Tuzilacka strategijaOn Monday, March 12, 2018, the Office of the War Crimes Prosecutor (OWCP) presented the Draft Prosecutorial Strategy for the Investigation and Prosecution of War Crimes in the Republic of Serbia for the period 2018-2023 (Draft), in accordance with the obligations of the Action Plan for Chapter 23 and the National War Crimes Prosecution Strategy (National Strategy). The Humanitarian Law Center (HLC) considers that the method of presenting the draft was not transparent, and that the draft strategy does not offer any solution to overcoming the key shortcomings in the previous work of the OWCP, and fails to determine adequate measures for achieving the primary goal the more efficient prosecution of war crimes.


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War crimes trials in light of constitutional amendments

War crimes trials in light of constitutional amendments

Logo FHP

On January 22, 2018, the Ministry of Justice published a working text that envisages amendments to the Constitution in the provisions governing the work of the judiciary. The Humanitarian Law Center (HLC) would like to point out that the proposed amendments to the Serbian Constitution reduce the currently attained level of independence of judges, as well as the autonomy of prosecutors, only to relocate the existing political influence on the judiciary from the National Assembly to the High Judicial Council, through the “distinguished lawyers” who  constitute this body and independently have the majority in making decisions, as well as the authority to introduce institutes and institutions through which the executive power can directly exercise political influence on the election of judges and prosecutors. Bearing in mind the previous work of the Office of the War Crimes Prosecutor (OWCP) and of the Special Council of the Higher Court in Belgrade regarding war crimes, characterized by the small number of indictments, the non-processing of medium and high-ranking members of the army and police, the absence of political support for trials and the delays in proceedings, the HLC considers that the proposed amendments to the Constitution will only contribute to the continuation of such a manner of working, owing to political pressure, which is bound to come from the change in the composition of the High Judicial Council and of non-judicial bodies that would be receiving quasi-judicial powers.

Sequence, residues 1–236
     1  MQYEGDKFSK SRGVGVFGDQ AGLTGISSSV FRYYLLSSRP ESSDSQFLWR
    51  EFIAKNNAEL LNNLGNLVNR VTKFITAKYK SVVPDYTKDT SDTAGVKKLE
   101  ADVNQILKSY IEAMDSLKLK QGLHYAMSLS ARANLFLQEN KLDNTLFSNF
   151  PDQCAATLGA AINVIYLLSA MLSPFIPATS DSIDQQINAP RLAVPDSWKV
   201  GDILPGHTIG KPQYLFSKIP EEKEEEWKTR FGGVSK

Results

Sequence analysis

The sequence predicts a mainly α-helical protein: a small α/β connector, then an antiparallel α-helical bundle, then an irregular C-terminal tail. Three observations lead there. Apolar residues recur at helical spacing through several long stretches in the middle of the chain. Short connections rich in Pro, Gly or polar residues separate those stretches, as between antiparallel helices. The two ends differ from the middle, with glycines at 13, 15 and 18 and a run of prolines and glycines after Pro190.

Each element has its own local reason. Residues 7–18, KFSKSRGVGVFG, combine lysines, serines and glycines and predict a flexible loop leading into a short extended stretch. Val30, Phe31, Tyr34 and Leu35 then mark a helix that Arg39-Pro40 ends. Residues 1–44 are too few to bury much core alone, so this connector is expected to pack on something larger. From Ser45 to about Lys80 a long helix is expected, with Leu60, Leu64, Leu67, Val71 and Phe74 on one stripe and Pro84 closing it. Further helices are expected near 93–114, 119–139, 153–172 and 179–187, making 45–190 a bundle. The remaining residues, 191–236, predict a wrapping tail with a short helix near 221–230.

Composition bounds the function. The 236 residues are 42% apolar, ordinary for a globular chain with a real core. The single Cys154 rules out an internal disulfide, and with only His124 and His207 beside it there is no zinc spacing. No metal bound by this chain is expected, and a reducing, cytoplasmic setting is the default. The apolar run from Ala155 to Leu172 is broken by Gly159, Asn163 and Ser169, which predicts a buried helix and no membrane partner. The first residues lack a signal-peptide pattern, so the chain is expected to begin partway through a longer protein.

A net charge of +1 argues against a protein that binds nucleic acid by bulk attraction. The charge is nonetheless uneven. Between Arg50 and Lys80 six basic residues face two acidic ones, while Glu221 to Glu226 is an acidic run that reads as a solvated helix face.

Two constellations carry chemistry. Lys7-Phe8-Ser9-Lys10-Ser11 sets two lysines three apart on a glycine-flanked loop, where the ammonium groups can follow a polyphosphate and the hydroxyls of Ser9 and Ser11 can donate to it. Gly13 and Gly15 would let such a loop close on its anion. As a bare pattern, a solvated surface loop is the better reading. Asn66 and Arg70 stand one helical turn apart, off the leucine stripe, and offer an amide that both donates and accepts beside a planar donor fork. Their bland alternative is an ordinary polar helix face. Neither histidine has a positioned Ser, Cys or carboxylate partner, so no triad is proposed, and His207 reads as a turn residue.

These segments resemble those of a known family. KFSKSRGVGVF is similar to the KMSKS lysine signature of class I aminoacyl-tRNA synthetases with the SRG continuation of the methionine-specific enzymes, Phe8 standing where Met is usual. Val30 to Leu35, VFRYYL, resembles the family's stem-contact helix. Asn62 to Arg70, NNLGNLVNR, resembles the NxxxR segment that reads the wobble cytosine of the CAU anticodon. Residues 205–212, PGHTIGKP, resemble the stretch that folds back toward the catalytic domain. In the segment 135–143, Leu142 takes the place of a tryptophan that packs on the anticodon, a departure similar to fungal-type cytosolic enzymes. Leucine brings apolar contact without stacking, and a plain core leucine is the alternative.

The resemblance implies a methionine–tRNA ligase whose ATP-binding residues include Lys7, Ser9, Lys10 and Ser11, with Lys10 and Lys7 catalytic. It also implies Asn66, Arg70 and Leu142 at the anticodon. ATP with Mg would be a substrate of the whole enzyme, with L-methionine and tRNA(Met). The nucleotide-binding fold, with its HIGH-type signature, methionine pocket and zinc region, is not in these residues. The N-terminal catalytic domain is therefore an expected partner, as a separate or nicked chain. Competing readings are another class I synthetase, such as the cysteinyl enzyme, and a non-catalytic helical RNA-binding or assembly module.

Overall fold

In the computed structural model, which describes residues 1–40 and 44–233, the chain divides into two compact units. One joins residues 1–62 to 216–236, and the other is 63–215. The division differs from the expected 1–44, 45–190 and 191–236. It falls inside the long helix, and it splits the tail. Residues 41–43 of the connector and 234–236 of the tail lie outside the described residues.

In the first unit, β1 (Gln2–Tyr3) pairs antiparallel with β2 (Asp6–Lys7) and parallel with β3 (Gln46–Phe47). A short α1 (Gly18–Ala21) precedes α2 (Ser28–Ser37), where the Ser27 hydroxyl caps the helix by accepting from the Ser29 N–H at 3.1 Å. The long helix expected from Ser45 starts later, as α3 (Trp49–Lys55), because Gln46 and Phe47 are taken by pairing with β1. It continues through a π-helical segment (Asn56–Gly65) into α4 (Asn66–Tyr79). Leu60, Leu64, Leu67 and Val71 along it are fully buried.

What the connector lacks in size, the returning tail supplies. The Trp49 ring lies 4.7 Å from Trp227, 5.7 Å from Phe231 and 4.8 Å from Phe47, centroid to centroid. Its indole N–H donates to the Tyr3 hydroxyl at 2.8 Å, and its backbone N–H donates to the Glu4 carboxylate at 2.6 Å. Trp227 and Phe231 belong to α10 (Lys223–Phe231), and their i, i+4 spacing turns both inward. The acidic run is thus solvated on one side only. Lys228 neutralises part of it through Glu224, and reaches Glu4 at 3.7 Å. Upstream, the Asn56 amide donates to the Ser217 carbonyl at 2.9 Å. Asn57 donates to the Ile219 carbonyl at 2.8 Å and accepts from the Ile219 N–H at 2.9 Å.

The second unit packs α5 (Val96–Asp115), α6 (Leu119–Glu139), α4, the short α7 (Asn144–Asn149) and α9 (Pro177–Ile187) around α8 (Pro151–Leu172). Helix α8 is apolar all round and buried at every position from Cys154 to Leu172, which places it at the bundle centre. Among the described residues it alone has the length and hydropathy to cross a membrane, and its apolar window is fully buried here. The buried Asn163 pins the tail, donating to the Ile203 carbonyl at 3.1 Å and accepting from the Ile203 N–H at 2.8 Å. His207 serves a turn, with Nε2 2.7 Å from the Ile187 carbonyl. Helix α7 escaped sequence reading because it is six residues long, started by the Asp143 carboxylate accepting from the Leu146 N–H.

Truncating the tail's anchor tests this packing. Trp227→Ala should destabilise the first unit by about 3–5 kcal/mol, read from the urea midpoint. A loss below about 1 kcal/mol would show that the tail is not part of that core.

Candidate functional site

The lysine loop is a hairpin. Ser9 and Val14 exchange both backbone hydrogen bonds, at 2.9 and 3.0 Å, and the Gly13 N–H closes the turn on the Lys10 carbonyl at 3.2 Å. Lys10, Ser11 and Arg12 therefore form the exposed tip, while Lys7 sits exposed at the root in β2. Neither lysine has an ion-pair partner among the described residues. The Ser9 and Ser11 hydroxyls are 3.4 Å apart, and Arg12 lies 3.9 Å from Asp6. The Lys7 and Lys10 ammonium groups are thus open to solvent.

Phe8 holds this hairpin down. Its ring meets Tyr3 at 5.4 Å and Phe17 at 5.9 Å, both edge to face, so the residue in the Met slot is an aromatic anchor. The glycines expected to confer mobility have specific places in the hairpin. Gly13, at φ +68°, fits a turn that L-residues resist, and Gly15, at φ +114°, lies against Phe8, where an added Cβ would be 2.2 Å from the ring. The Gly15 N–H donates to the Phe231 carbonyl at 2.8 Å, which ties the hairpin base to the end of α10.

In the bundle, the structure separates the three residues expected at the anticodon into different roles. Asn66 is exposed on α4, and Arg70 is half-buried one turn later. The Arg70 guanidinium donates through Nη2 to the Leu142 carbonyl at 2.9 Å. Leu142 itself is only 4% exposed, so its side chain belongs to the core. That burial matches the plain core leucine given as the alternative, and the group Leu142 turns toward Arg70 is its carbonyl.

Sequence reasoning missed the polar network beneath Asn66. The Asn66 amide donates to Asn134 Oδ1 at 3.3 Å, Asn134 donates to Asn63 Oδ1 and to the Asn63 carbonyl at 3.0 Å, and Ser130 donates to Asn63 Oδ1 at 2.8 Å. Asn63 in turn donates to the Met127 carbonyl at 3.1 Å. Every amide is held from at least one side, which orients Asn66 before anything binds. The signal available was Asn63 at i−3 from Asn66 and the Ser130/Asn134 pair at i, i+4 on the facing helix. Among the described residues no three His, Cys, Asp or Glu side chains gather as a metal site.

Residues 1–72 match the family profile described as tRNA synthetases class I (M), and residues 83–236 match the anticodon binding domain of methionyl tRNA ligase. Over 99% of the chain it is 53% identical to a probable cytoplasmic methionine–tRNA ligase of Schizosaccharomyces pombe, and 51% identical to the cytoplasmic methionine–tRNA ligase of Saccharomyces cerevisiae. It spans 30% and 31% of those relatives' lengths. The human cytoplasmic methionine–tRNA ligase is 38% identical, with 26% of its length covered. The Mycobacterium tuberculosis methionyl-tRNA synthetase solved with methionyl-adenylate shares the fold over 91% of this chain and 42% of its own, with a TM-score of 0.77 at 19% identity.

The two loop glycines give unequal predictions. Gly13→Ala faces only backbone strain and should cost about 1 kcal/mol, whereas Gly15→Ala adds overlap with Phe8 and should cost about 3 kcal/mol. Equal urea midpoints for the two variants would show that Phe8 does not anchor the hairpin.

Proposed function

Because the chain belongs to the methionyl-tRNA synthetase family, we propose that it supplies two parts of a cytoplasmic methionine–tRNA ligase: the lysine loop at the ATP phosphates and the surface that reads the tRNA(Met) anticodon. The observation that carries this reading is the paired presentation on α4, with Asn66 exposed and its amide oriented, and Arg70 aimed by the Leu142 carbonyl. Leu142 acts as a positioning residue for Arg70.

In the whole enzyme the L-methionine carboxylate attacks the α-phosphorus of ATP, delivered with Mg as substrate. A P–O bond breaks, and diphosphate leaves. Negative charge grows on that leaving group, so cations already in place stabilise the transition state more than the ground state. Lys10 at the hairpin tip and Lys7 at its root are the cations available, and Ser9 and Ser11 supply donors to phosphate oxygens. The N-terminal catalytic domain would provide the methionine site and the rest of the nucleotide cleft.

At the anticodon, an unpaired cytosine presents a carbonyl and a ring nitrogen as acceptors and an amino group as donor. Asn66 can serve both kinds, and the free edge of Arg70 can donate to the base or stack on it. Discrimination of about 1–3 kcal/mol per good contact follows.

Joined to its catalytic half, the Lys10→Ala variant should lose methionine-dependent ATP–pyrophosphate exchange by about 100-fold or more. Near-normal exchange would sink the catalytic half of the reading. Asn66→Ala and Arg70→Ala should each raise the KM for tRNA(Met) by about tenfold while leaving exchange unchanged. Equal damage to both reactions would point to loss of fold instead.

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Ovčara Case: 14 years waiting for justice

Ovčara Case: 14 years waiting for justice

post_apelacioni

After 14 years, the first war crimes case before specialized court councils in Serbia came to a close with the new final judgment for the crime at Ovčara near Vukovar. The Humanitarian Law Center (HLC) points out that the trial in this case is one of the best indicators of the ineptitude of Serbian institutions in dealing with the obligation to approach the crimes from the past with responsibility and dedication.

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The third acquittal for war crimes in 2017

The third acquittal for war crimes in 2017